History of midwifery in Ghana
The role of the midwife in the health care delivery system in Ghana was founded as
far back as 1917 over concerns of infant well being (Ofosu-Amaah 1981). Concerned
about the high mortality among infants, the government at the time set up a committee
to investigate the courses.The committees reports revealed that poor midwifery
practice and particularly inadequate postnatal care to both mother and infant were the
main causes of the high infant mortality rate. The committee recommended that the
government should open maternity hospitals and train midwives to attend to mothers
and their babies.
Consequently, in 1927 the government selected two districts in the capital city
of Accra to start domiciliary midwifery in Ghana. Two African midwives trained in
England were employed to work there. These midwives were encouraged to work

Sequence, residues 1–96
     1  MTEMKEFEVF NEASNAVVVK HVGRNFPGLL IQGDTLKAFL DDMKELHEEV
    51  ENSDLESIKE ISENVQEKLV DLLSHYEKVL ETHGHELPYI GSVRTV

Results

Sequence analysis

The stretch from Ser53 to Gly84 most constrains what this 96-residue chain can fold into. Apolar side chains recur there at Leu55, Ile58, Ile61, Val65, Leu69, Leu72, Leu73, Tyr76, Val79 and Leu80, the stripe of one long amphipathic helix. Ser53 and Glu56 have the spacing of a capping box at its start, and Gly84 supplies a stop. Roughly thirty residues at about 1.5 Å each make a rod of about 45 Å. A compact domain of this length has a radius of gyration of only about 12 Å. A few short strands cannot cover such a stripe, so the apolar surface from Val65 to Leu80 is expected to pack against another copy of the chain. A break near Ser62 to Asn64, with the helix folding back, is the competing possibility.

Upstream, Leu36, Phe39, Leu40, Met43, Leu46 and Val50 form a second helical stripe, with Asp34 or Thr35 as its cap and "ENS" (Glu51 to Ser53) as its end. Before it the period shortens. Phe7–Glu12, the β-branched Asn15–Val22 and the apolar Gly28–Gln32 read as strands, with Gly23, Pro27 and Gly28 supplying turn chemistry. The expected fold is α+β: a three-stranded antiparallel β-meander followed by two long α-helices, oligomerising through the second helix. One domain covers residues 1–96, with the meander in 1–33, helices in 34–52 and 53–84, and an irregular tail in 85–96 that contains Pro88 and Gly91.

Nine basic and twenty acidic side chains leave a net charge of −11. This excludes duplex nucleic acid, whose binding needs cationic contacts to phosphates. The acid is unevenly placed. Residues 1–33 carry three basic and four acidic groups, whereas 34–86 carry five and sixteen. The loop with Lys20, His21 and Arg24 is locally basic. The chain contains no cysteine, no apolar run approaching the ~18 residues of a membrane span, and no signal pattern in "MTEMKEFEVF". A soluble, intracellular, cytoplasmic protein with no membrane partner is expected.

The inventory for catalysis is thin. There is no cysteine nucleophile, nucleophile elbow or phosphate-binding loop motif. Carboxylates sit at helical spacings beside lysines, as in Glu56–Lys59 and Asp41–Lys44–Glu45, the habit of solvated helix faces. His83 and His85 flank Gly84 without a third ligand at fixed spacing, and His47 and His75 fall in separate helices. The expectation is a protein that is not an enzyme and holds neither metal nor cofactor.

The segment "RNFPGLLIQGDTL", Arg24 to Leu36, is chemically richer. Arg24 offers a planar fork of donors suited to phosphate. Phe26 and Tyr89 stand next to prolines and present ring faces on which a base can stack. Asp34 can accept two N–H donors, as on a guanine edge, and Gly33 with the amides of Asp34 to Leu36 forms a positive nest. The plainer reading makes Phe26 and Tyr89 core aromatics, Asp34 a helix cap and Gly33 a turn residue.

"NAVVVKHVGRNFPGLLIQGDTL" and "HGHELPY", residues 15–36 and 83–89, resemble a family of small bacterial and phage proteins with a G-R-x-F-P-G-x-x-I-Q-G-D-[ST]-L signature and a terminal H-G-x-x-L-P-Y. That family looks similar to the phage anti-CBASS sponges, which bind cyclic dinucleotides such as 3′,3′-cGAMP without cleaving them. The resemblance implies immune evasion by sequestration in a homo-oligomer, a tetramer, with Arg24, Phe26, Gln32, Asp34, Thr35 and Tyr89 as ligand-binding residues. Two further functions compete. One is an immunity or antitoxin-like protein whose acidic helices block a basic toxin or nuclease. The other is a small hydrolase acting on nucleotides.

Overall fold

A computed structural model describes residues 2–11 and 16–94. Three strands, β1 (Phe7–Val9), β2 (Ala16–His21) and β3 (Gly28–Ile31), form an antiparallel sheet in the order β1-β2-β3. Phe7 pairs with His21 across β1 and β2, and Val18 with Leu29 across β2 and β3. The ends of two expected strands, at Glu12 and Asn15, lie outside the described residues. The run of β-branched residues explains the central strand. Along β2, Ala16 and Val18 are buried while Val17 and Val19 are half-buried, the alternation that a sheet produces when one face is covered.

with and give practical demonstration to traditional midwives to improve their skills.
A year later, the Korle Bu Maternity Hospital was opened in Accra to provide
professional midwifery care and training. This hospital remains the main teaching
hospital and reference centre in Ghana to this day. In 1930, the first batch of the
locally trained midwives graduated. In 1931, legislation for the training, examination,
registration and practice of midwifery was promulgated.In 1932, the first midwife
ordinance was passed and the Central Midwives Board constituted. All midwives who
graduated from 1930 were thus formally issued their certificates of registration.
As the years went by, other maternity hospitals and midwifery training schools
were opened in the various regions of Ghana. There are also many private maternity
homes and hospitals scattered throughout the country which participate as training
sites, leading to a wide network of midwifery training facilities.